Service Memories: WWII dress has roots in the Chippewa Valley | Top Stories

CHIPPEWA VALLEY (WQOW) – A piece of western Wisconsin history is currently on display at the Wisconsin Veterans Museum in Madison. This service memento was made during World War II, right here in the Chippewa Valley.

“It’s one of those things that oh you look at and it’s just a white dress, but then you start to understand the backstory,” said Chris Kolakowski, director of the WI Veterans Museum. “Then he has a whole new power and a whole new perspective.”

November 21, 1944 promises to be dark and bitter. I found myself in a small rice paddy, soaked to the skin, hopelessly entangled in a maze of bamboo and parachute cords and covered in a stretch of white nylon that draped the tall grass like a messy tent.

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Lt. Col. Dick Steiner, USAF, CA 1970-73

It is a day Lt. Col. Floyd D. Steiner (known to family and friends as Dick Steiner) would recount in a text 30 years later. It was an assignment for a class at Sacramento Community College. The story, true to the smallest detail.

“My dad was a farm boy,” Dave Steiner said.

Dick grew up just outside of Gilmanton.

“He was drawn to the romance of being a pilot,” Dave said. “My father’s math skills were so high that he was persuaded to become a navigator.”

Steiner, navigator

Air Cadet, 1943

So Dick became a navigator for the Army Air Corps, known today as the Air Force.

The ordeal began, with my crew in a B-29 on a routine bombing mission over the Japanese port city of Omura.

Steiner was the navigator aboard the “Snafuperbomber”.


The B-29 crew, Dick Steiner photographed standing third from the right side.

“Snafu is kind of military parlance for a normal, all-god-up situation,” Dave said.

I heard the eerie rumble of “50’s” in the upper turret near my head, and the anti-climactic rattle of spent shell casings falling into the drip tray near my feet; this abruptly ceased when the entire forward cockpit erupted in acrid smoke and howling fragments.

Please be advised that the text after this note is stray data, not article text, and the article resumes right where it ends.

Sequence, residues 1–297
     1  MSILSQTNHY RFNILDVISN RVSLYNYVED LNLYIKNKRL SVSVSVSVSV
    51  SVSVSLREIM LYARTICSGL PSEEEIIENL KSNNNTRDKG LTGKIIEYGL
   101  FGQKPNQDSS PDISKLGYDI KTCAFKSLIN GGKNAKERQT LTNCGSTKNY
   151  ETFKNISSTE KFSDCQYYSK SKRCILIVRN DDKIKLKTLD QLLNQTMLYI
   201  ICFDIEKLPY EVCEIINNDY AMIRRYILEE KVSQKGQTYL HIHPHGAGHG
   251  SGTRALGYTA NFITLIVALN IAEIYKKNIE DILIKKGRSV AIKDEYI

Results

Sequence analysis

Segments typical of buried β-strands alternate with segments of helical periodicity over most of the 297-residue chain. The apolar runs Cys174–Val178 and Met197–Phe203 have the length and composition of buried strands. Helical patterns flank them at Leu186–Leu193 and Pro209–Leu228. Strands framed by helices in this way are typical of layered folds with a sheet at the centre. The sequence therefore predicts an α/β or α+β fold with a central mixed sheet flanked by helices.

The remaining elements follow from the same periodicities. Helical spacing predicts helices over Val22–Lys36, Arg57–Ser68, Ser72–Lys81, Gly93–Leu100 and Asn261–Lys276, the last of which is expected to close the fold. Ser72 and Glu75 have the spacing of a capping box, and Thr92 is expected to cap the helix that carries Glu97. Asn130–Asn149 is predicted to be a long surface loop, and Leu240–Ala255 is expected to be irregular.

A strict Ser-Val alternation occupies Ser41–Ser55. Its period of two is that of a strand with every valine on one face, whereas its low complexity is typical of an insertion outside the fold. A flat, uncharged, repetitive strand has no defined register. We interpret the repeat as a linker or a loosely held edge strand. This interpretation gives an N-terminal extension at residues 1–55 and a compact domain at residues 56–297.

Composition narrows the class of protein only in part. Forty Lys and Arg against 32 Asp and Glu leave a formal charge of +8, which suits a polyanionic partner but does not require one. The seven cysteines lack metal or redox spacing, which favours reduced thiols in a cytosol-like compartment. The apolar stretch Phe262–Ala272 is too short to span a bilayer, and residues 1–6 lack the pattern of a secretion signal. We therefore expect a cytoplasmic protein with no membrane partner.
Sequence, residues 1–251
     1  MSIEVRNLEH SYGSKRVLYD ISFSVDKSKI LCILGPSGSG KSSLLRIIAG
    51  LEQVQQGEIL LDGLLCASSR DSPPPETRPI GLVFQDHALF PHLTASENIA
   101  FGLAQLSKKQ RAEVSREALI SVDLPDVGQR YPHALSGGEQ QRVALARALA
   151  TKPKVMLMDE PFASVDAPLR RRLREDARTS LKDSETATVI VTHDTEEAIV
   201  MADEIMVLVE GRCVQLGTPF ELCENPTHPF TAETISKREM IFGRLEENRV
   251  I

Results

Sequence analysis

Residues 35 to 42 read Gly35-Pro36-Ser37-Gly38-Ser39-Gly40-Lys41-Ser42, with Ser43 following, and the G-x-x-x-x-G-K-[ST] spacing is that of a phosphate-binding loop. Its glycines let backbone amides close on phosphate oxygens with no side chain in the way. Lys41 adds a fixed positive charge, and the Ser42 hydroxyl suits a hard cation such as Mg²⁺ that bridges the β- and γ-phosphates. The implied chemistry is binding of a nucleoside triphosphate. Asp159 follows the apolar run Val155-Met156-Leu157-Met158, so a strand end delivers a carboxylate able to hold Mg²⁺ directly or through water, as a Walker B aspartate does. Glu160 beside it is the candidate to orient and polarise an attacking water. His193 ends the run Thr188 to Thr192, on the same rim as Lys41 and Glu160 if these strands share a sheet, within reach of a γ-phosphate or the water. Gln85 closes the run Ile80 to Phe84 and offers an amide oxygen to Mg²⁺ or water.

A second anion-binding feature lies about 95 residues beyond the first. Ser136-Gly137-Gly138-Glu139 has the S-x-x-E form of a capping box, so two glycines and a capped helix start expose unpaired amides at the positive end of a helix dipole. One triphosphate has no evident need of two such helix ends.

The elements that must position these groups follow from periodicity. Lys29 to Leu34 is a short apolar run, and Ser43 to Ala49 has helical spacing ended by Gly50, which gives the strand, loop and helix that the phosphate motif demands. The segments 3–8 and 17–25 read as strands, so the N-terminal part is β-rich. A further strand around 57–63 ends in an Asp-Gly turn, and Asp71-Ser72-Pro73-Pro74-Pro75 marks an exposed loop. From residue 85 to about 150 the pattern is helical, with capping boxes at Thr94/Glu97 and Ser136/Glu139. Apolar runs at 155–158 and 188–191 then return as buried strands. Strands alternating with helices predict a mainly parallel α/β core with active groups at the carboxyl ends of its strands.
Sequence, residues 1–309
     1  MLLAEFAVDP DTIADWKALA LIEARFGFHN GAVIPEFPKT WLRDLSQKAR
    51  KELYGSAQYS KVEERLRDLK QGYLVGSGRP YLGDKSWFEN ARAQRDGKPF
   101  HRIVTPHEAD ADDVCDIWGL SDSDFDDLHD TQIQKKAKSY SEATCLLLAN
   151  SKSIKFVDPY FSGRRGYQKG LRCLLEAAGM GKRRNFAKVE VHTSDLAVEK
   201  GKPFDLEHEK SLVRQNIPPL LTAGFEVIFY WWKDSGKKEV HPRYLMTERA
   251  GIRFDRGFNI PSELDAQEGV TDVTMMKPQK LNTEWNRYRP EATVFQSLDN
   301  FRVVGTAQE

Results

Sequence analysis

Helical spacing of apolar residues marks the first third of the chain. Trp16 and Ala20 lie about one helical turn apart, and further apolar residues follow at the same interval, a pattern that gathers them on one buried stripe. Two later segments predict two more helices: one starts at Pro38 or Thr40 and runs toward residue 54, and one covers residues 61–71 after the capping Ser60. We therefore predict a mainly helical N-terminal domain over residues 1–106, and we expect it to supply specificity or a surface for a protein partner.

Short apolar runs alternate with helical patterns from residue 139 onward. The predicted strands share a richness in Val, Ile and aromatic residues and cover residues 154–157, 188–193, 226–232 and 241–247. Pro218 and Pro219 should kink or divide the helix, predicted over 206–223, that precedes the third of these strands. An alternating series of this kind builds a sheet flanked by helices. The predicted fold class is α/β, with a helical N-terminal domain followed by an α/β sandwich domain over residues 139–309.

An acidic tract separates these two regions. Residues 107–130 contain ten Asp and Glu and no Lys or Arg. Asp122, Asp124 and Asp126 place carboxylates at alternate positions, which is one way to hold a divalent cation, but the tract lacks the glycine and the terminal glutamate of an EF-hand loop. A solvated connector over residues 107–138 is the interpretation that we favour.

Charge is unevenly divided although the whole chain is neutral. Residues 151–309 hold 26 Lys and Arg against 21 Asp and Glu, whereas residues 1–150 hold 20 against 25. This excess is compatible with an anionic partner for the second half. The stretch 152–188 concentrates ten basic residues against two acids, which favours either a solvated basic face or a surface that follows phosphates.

The bomber took enemy fire, forcing the crew into a life or death decision.

We all agreed that we should try to get to a parachute landing in China.

The surviving crew members carried the crippled aircraft back across the China Sea.

As we reached a remote area near Lake Hugtse, the final radio report came through, “Actor 38 Abandoning Ship.” I stepped through the hatch and felt a sense of absolute calm, a great sense of relief, a dreamy, unreal feeling that I had been born upwards by the fragile fabric hanging above me.

Collapsing in the water and mud of the rice paddy below, a local farmer came to his aid.

My new Chinese friend, despite the language barrier, recognized the tiny Stars and Stripes replica on my shoulder.

Dick was smuggled a short time later to safety and returned to his base in India. It is an incredible story of survival and later, of love.

“Where he was flying from in China and India, he was about as far away from Wisconsin as you can get and he’s still on planet Earth,” Kolakowski said.

His wife, Majil, patiently awaited his safe return home.

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Pictured: Dick and Majil, 1941

“They were really connected at the hip,” Dave said.

Majil was born and raised in Mondovi. She was an artist and a teacher. While looking for a teaching opportunity, Majil met the Steiner family when she interviewed for a job. One of the family members was on the school board.

“As it happened, she needed a place to live,” Dave said. “And she stayed with the Steiner family at the farm.”

Dick and Majil had been inseparable ever since.

During the war and after Dick’s brush with death, he sent a gift to his beloved wife. He sent her the parachute that saved her life.

“It says a lot about their bond, that he saved the parachute, that he sent it to her,” Kolakowski said.

It was a gift on one condition, Dick asked her to make an evening dress from his precious and precious silk.

“She had the dress made and then sent back a picture with her in the dress which he then wore as a good luck charm for the rest of the war,” Kolakowski added.

Majil in evening dress

Majil photographed in a parachute evening dress

So, at a glance, it might look like “just a white dress,” but these memories of service give us a glimpse of the past.

“We all collect memories from an important part of our lives,” Kolakowski said. “And for many of these veterans, their service was one of, if not the most important time in their lives. These stories need to be remembered so that they can inspire and instruct this generation, but also future generations. .”

Dick would go on to serve for a total of 31 years.

“He stayed, stayed flying, as a navigator the whole time,” Dave said.

Every time he came home, Majil was waiting for him.

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“When my dad was on his deathbed, I said to him, ‘Dad, you hit the jackpot. You were so lucky. How could you expect more than to spend 72 years with this wonderful woman.”

Dick Steiner died in December 2015. Majil died on November 13 of this year. The dress is featured in an exhibit called “Memories of Service: The Things They Kept.” The exhibit will be in place for 18 months at the WI Veterans Museum.

Below is the copy of Dick Steiner’s rescue plan. He recounts what happened on November 21, 1944.